Concurrently with the Consumer Financial Protection Bureau's announcement yesterday that it had settled its first enforcement action involving allegations that a major credit card issuer had deceptively marketed “add-on products” such as payment protection and credit monitoring, the CFPB released a bulletin providing general guidance on marketing such products. While focused on credit card add-on products, the bulletin is also intended to serve as guidance for the marketing of similar products offered in connection with other forms of credit or deposit services.
In the bulletin, the CFPB reviews applicable federal consumer protection laws and regulations and describes steps it expects institutions supervised by the CFPB to take to avoid statutory and regulatory violations. Highlights include the following:
The bulletin focuses on the (1) Dodd-Frank Act's prohibition against deceptive practices, (2) requirements of the Truth in Lending Act/Regulation Z, including those for account opening and periodic statements, error resolution procedures, and advertising, and (3) Equal Credit Opportunity Act/Regulation B prohibition against discrimination on a prohibited basis. In evaluating whether disclosures are effective in preventing deception, the factors the CFPB will look at include the prominence of a statement, use of an "easy-to-understand" format for presenting information, the location of information, and whether it is in close proximity to the claim it qualifies. Fair-lending concerns could arise if the CFPB finds differential treatment on a prohibited basis in connection with add-on products, such as by requiring applicants based on race or age to purchase add-on products as a condition of obtaining credit.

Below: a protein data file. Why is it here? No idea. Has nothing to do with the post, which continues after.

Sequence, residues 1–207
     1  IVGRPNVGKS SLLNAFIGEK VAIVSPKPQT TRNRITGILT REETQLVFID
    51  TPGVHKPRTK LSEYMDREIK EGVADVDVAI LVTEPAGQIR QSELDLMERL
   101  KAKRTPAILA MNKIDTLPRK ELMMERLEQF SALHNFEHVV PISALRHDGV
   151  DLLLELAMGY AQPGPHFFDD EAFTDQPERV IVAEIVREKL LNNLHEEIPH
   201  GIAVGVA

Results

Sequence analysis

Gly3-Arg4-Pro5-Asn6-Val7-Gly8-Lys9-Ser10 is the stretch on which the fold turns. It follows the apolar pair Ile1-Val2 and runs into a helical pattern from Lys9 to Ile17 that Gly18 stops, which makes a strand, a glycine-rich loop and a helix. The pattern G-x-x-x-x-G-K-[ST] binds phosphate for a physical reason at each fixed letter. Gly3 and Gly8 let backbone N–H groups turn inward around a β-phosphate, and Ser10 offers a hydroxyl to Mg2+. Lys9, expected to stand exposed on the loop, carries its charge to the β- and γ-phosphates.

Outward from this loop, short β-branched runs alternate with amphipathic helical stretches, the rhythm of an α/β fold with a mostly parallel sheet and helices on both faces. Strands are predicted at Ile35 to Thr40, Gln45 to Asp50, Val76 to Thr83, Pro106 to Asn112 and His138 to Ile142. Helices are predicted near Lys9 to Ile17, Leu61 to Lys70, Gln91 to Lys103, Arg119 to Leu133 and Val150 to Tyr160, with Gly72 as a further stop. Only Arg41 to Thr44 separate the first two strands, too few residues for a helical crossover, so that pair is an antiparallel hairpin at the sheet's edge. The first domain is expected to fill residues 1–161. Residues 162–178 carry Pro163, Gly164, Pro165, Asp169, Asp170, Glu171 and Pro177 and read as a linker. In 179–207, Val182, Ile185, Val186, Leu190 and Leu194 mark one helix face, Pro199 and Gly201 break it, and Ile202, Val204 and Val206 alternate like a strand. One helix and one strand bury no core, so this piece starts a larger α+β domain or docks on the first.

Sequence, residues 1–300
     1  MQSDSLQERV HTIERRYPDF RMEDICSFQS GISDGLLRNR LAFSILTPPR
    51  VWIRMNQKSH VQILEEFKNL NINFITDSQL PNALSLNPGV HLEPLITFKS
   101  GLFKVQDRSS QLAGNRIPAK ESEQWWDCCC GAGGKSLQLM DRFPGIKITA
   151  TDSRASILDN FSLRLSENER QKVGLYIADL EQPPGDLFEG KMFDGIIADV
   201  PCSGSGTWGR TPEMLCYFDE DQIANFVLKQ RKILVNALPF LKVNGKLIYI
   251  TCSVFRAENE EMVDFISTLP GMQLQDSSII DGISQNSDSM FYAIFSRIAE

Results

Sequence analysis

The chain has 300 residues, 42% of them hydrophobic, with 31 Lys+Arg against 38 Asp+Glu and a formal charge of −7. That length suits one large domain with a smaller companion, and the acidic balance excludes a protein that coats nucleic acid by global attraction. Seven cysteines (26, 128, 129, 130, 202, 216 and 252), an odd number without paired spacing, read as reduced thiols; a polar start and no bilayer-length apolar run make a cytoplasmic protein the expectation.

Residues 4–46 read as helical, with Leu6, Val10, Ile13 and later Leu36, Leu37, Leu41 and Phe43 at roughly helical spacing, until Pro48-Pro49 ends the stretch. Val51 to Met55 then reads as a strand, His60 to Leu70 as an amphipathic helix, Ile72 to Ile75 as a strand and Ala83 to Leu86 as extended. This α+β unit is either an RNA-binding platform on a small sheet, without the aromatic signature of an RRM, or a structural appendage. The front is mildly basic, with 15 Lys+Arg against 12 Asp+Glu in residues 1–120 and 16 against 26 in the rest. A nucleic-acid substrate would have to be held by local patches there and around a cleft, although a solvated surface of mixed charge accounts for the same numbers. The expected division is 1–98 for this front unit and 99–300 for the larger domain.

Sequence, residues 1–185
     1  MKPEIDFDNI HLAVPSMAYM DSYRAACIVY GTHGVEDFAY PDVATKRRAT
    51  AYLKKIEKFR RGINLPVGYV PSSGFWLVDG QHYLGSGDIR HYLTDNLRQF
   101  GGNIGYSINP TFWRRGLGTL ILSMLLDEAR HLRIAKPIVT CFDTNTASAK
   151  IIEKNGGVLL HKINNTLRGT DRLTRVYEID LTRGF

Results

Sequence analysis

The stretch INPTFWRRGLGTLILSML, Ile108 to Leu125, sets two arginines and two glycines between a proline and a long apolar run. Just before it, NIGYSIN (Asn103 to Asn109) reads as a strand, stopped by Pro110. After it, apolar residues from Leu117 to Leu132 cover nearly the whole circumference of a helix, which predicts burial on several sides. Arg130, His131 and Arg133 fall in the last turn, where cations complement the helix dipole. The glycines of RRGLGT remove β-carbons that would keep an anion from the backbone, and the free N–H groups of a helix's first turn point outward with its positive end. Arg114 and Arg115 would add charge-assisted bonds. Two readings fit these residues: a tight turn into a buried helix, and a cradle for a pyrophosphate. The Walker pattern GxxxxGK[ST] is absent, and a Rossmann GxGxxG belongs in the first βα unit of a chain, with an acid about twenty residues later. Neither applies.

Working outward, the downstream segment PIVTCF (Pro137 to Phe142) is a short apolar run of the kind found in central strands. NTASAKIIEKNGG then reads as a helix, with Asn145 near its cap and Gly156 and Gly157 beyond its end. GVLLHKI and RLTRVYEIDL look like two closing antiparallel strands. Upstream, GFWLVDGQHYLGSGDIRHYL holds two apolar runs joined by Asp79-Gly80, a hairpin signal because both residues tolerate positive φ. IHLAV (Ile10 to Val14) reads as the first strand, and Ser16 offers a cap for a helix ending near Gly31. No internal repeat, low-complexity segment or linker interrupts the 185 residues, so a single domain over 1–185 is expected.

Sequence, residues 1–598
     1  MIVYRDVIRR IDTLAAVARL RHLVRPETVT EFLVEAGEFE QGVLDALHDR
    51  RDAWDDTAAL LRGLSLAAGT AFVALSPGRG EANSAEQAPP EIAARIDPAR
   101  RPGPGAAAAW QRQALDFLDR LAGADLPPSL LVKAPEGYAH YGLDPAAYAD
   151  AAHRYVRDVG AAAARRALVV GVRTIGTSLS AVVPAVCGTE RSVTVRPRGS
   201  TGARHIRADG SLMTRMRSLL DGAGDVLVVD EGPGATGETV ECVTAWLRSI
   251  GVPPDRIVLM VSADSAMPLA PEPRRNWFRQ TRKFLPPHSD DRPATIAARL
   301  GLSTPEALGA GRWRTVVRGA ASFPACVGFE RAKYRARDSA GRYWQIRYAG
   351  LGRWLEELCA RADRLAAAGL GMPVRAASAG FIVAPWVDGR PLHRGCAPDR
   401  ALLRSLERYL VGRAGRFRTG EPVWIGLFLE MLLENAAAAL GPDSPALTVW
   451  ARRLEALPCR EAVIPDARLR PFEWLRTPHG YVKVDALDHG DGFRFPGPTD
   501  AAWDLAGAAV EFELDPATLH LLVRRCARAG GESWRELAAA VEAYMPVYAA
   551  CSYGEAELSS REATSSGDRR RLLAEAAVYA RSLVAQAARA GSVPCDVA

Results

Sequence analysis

To avoid legal violations, the CFPB expects institutions to take steps that ensure (1) marketing materials reflect actual terms and conditions of products, (2) employee incentive or compensation programs require adherence to institution-specific guidelines and do not incentivize employees to provide inaccurate information, (3) scripts and manuals used by telemarketing and customer service centers satisfy certain standards (including prohibiting enrollment without a consumer's clear consent to purchase a product, and providing clear guidance on the wording and appropriate language for resisting consumer requests for more information or refusals of a product and any limits on the number of times such requests or refusals can be resisted), (4) telemarketers and customer service representatives follow approved scripts, (5) applicants are not required on a prohibited basis to purchase products as a condition of obtaining credit, and (6) cancellation requests are properly handled.
Compliance management programs should include written policies and procedures to ensure compliance with applicable federal and state laws and regulations, periodic quality assurance reviews, independent audits, oversight of affiliate or third-party service providers, a system for handling complaints, and an employee training program.